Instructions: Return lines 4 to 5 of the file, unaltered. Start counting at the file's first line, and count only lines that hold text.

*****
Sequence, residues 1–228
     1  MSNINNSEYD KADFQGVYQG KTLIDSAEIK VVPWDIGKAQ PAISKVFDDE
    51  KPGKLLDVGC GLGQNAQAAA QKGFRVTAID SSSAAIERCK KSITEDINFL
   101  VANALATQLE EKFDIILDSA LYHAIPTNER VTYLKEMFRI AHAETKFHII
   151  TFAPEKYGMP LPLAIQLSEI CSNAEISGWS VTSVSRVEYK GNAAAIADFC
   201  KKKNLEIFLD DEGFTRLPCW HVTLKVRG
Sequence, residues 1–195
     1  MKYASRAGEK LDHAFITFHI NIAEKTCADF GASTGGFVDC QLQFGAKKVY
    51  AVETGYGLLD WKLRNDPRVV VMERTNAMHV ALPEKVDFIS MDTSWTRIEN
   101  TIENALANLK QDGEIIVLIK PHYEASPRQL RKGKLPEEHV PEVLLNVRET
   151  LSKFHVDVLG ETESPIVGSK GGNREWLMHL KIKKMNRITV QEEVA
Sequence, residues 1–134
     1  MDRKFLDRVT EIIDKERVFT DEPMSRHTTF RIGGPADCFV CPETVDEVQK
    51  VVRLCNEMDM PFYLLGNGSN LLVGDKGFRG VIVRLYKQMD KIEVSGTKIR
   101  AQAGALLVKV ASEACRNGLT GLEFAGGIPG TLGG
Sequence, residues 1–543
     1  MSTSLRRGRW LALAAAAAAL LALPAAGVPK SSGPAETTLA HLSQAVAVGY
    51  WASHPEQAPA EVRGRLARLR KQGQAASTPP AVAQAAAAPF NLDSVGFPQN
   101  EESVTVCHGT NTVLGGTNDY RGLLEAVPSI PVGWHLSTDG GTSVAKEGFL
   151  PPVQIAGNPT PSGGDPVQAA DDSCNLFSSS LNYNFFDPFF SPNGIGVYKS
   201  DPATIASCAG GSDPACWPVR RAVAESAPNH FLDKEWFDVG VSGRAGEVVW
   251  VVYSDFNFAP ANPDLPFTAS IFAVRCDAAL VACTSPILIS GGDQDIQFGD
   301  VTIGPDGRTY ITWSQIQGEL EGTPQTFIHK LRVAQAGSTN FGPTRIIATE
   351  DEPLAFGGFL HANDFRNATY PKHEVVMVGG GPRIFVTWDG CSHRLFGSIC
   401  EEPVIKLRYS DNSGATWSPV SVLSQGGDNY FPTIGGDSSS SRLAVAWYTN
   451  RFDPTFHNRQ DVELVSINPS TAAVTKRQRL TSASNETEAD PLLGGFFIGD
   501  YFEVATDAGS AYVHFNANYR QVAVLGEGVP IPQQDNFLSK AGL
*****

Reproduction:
   101  VANALATQLE EKFDIILDSA LYHAIPTNER VTYLKEMFRI AHAETKFHII
   151  TFAPEKYGMP LPLAIQLSEI CSNAEISGWS VTSVSRVEYK GNAAAIADFC